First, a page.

A specialist in the designing and weaving of tartans, Nancy Sinnott combines her love of math with art and enjoys testing her abilities in both.
She fostered her love of textiles as an art form while a student at the University of Notre Dame, and deepened it while working with the textiles collection at the Smithsonian Institution.
“All my new designs start with a plan, which may or may not be based on an ancient tartan pattern. Next I create five to 10 different renditions of a pattern, finding the one that fits my aesthetic for the piece. Color and balance are key to creating a piece I deem successful,” she says.
“Researching, designing, weaving, and selling tartans for several years, especially while living so close to Notre Dame, has resulted in many spirited conversations with hundreds of Indiana residents,” Nancy says. “They share their Celtic heritage and work with me to discover their ancestor’s clan tartan.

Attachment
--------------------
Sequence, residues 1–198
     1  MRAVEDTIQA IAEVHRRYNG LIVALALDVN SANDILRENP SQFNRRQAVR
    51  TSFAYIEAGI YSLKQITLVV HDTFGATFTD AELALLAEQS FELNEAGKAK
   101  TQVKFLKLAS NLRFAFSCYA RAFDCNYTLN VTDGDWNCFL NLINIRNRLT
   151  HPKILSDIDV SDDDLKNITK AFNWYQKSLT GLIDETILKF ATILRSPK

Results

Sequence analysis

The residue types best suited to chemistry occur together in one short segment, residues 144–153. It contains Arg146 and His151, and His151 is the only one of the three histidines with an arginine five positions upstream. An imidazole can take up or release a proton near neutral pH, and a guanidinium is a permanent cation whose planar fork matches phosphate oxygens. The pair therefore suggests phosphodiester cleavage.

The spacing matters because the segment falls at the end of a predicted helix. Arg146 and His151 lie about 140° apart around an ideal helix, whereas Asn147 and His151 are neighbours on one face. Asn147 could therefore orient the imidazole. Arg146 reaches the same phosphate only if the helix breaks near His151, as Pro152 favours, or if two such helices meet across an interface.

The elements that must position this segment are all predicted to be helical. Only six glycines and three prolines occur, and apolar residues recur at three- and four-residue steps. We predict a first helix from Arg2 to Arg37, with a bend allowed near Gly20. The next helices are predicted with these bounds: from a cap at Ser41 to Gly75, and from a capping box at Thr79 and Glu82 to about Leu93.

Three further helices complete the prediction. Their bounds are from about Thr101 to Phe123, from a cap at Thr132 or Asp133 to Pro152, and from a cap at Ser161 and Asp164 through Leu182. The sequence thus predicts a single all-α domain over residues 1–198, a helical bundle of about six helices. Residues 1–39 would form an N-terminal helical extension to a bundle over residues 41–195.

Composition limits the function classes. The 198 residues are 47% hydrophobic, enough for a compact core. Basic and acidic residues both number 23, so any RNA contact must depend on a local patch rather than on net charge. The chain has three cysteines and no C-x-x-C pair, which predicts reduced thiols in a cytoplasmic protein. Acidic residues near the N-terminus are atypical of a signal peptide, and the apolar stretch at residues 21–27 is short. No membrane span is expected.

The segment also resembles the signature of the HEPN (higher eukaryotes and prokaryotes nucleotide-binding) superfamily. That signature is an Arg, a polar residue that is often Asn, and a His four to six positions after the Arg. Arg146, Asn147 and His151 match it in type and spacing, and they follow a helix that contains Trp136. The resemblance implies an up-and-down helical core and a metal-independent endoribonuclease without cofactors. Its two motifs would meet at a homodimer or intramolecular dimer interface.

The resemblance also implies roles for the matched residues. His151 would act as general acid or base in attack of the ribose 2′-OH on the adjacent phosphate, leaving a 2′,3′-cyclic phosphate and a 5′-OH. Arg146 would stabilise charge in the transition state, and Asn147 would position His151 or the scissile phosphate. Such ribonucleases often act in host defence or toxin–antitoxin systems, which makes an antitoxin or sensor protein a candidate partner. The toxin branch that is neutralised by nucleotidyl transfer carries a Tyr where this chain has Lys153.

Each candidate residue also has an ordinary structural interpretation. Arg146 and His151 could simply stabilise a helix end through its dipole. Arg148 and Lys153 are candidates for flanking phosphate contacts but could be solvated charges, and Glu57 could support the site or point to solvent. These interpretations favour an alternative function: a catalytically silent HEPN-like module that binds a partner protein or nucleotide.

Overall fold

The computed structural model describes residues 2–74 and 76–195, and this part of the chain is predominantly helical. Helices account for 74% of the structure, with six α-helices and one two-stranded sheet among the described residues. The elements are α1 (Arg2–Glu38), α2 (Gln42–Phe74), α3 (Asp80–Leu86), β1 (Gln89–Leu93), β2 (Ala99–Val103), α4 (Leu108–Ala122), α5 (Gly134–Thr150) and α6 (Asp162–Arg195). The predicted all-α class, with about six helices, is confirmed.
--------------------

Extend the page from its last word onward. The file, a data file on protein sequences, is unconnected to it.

“While many of my tartans are woven using authentic Shetland wool dyed to authentic tartan colors, that’s not always the case,” she adds. “I enjoy utilizing cooler natural materials such as bamboo and silk, as both hold the rich colors of the tartan and the sharp lines of the design, and drape well when worn.”
Nancy says authentic tartans follow several specific rules. They are always woven in twill (two threads up/two threads down); the pattern must almost always be symmetrical, which requires using identical colors and material in both the warp and weft of the weave; the colors may range from two to as many as the artist wants, but the majority of tartans range from three to seven specific colors; and each color combination is expected to be “pleasing to the eye,” and to blend when seen from a distance.
Date / Time